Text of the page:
Posted: April 20th, 2013 | Author: Gregg Stutts | Filed under: Difficulties, Relationships, Truth | Tags: believe in Jesus, believing God, God's word, priorities, Relationships, Truth, worldview | No Comments »
Do you find it hard to understand why those two brothers in Boston would detonate bombs to kill innocent people? Or how other Muslim terrorists would fly planes into buildings to kill innocent people?
Or how could an abortion doctor from Philadelphia deliver live babies and then cut their spinal cords with scissors to complete the abortion procedure? How could someone commit rape? Why do some people go on looting sprees during natural disasters?
Why are some people in support of higher taxes and others want them lowered? Why do some people devote themselves to serving the poor while others are equally as devoted to accumulating as many material possessions for themselves as they can?
How you live your life and make choices stems from your worldview. In other words, what is the lens through which you view the world? What is it that you truly believe about yourself, about God and about this life?
So how could a terrorist kill innocent people? You first have to understand their worldview to answer that question. Perhaps they feel their god has instructed them to kill those who don’t believe as they do. That would lead them to conclude the people they are killing are in fact not innocent.
How could an abortion doctor kill babies outside the womb? Ultimately, he must believe those babies aren’t fully human. Or that they have no rights. Or that making money from abortions is more important than someone’s life.
Regardless of the question or issue–you must understand someone’s worldview before you can understand their choices.
There’s something even more foundational than someone’s worldview though. And that’s their identity. What do they believe about themselves? Who do they really see themselves as?
There are various aspects to our identity that are all critical. There’s our spiritual identity, our emotional identity, our sexual identity and our personality. There are many factors that go into the development of our identity, but in large measure, I believe it’s determined by the family in which we grew up, authority figures, our view of God and any abuse we may have suffered.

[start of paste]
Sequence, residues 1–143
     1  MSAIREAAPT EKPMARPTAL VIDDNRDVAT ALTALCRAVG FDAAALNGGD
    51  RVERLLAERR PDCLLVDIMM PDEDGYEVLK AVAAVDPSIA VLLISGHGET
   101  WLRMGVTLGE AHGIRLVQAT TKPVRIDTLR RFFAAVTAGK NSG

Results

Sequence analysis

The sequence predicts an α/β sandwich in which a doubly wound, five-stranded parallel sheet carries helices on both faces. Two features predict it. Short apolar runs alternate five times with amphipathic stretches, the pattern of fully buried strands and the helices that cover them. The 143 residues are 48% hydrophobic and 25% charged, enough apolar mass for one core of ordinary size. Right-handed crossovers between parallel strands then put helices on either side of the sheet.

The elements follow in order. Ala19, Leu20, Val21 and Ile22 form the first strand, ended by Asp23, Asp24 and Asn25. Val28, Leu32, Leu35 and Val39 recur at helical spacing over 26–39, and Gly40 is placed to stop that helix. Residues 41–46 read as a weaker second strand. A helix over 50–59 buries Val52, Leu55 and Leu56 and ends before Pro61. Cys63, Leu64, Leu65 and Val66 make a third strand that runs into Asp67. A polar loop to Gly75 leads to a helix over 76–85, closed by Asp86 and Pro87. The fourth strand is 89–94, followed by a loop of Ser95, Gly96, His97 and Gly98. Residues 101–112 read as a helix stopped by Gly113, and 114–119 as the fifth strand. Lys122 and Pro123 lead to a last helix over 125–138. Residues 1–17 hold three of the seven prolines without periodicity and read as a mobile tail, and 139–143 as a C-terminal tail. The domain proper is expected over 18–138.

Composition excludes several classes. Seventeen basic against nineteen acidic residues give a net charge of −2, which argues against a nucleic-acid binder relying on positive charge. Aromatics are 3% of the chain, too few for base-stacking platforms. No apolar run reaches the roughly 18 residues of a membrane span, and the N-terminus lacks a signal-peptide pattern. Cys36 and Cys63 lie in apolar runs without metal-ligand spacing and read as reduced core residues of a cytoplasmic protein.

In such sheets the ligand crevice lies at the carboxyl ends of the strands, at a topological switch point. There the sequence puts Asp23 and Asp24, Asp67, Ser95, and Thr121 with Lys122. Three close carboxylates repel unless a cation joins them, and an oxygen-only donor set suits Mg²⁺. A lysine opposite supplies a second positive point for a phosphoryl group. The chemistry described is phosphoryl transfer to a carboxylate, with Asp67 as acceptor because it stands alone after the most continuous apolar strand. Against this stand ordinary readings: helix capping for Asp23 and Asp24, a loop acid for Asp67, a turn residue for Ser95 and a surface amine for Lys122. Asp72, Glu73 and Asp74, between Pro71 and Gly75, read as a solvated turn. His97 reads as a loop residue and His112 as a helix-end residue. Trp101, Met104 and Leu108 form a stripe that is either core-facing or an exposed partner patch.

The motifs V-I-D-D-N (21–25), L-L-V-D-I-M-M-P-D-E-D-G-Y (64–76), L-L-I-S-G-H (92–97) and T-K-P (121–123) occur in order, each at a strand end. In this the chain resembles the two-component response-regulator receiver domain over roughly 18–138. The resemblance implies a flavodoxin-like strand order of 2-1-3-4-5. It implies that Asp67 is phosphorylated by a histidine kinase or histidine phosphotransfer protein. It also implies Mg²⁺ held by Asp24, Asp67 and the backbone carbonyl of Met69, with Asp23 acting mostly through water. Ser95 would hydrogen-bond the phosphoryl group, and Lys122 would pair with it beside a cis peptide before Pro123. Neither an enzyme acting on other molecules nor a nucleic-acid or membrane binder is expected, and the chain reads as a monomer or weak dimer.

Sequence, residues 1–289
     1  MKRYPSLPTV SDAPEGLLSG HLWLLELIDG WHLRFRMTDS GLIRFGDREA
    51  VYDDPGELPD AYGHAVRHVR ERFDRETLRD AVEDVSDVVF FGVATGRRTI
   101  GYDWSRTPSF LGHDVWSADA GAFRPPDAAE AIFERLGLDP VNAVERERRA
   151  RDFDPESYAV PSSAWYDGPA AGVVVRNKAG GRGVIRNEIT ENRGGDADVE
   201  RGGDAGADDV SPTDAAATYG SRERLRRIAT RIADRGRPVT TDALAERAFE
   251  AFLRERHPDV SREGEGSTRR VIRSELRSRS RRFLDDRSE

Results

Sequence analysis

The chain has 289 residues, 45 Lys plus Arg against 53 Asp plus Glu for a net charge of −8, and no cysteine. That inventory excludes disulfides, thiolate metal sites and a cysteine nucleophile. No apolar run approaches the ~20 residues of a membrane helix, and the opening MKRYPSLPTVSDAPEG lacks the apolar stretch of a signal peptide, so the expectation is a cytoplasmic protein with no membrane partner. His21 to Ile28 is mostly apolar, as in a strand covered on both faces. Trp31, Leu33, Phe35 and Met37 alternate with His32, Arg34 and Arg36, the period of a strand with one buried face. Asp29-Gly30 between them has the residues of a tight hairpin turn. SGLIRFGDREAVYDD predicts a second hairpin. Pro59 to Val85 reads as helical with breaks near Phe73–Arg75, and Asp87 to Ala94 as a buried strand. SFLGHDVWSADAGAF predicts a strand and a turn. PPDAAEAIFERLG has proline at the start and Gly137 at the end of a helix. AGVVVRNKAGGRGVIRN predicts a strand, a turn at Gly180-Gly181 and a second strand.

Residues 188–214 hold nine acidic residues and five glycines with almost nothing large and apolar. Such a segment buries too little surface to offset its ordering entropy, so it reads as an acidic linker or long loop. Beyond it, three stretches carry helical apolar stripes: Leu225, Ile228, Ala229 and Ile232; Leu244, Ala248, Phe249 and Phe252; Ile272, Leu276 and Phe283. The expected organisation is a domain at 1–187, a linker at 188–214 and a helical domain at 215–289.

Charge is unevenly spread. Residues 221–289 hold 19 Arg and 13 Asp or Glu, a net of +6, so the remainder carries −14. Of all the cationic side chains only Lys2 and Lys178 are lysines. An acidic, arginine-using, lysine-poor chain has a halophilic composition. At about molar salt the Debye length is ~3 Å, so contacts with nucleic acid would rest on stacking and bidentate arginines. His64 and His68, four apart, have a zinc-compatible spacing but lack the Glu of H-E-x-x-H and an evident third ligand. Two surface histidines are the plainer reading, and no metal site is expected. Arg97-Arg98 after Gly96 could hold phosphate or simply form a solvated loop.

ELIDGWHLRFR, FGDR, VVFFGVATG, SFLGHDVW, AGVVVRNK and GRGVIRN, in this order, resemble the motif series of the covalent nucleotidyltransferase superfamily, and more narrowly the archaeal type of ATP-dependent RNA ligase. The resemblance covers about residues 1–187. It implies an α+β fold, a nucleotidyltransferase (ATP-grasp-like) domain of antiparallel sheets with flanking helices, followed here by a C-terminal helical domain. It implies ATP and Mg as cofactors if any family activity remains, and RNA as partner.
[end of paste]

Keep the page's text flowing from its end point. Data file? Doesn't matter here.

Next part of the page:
Here’s an example of what I’m talking about–let’s say a little boy grew up in a home with an angry, hard-to-please father. The predominant message at home was “you’ll never amount to anything.” The family attends a legalistic church filled with lots of rules to follow.
When this little boy grows up, it wouldn’t surprise me to learn he lacks self-confidence and views God as a divine disciplinarian who he’s continually disappointed. Outwardly though, he might be an over-achiever. He’s determined to prove everyone wrong by getting straight A’s and doing his best to follow the rules. Try as he might though, he can’t ever shake the feeling that God is disappointed in him.
Now add in any type of abuse and his identity will be even more damaged. Sexual abuse can lead to confusion regarding sexual identity. Emotional abuse can lead to plaguing negative emotions. Any type of abuse can have a powerfully negative influence on our identity.
It may seem like a small thing, but when I was growing up I distinctly remember the day my mother labeled me as “anti-social” because I wanted to stay home rather than going with my parents to a party. The subtle unintended message from my mother was “there’s something wrong with you.” By nature, I enjoy alone time. I’m energized by solitude, not people. I enjoy people, but that’s not where I get my energy. I wonder though–could some of my reluctance to be in situations with lots of new people come from the “anti-social” label I received forty years ago?
Ultimately, the only way to correct our confused or damage identities is to know and believe the truth. What God says about me is true, regardless of what my mother or coach or friends said.
Jesus said, “If you hold to my teaching, you are really my disciples. Then you will know the truth, and the truth will set you free.” (John 8:31-32)
So what does God say about your spiritual identity? Your sexual identity? Your emotional identity? And your personality? Unless you know it and believe it, you will live in bondage to any abuse you suffered or lies you’ve believed.
And unless you understand all this–you’ll never understand why two brothers could kill innocent people and think they were justified.
Posted: January 28th, 2013 | Author: Gregg Stutts | Filed under: Difficulties, Relationships, Truth | Tags: God is good, God's character, God's glory, God's love, God's will, God's word, grace, heaven, Jesus, marriage, money, pain and suffering, Relationships | No Comments »
I realized a number of years ago that I really don’t want to walk by faith. That’s a problem because God says things like:
“We live by faith, not by sight.” 2 Corinthians 5:17
“And without faith it is impossible to please God…” Hebrews 11:6
Walking or living by faith means I won’t always see how things are going to work out. That’s a really uncomfortable place to be. And I don’t like being uncomfortable. I suspect you don’t either.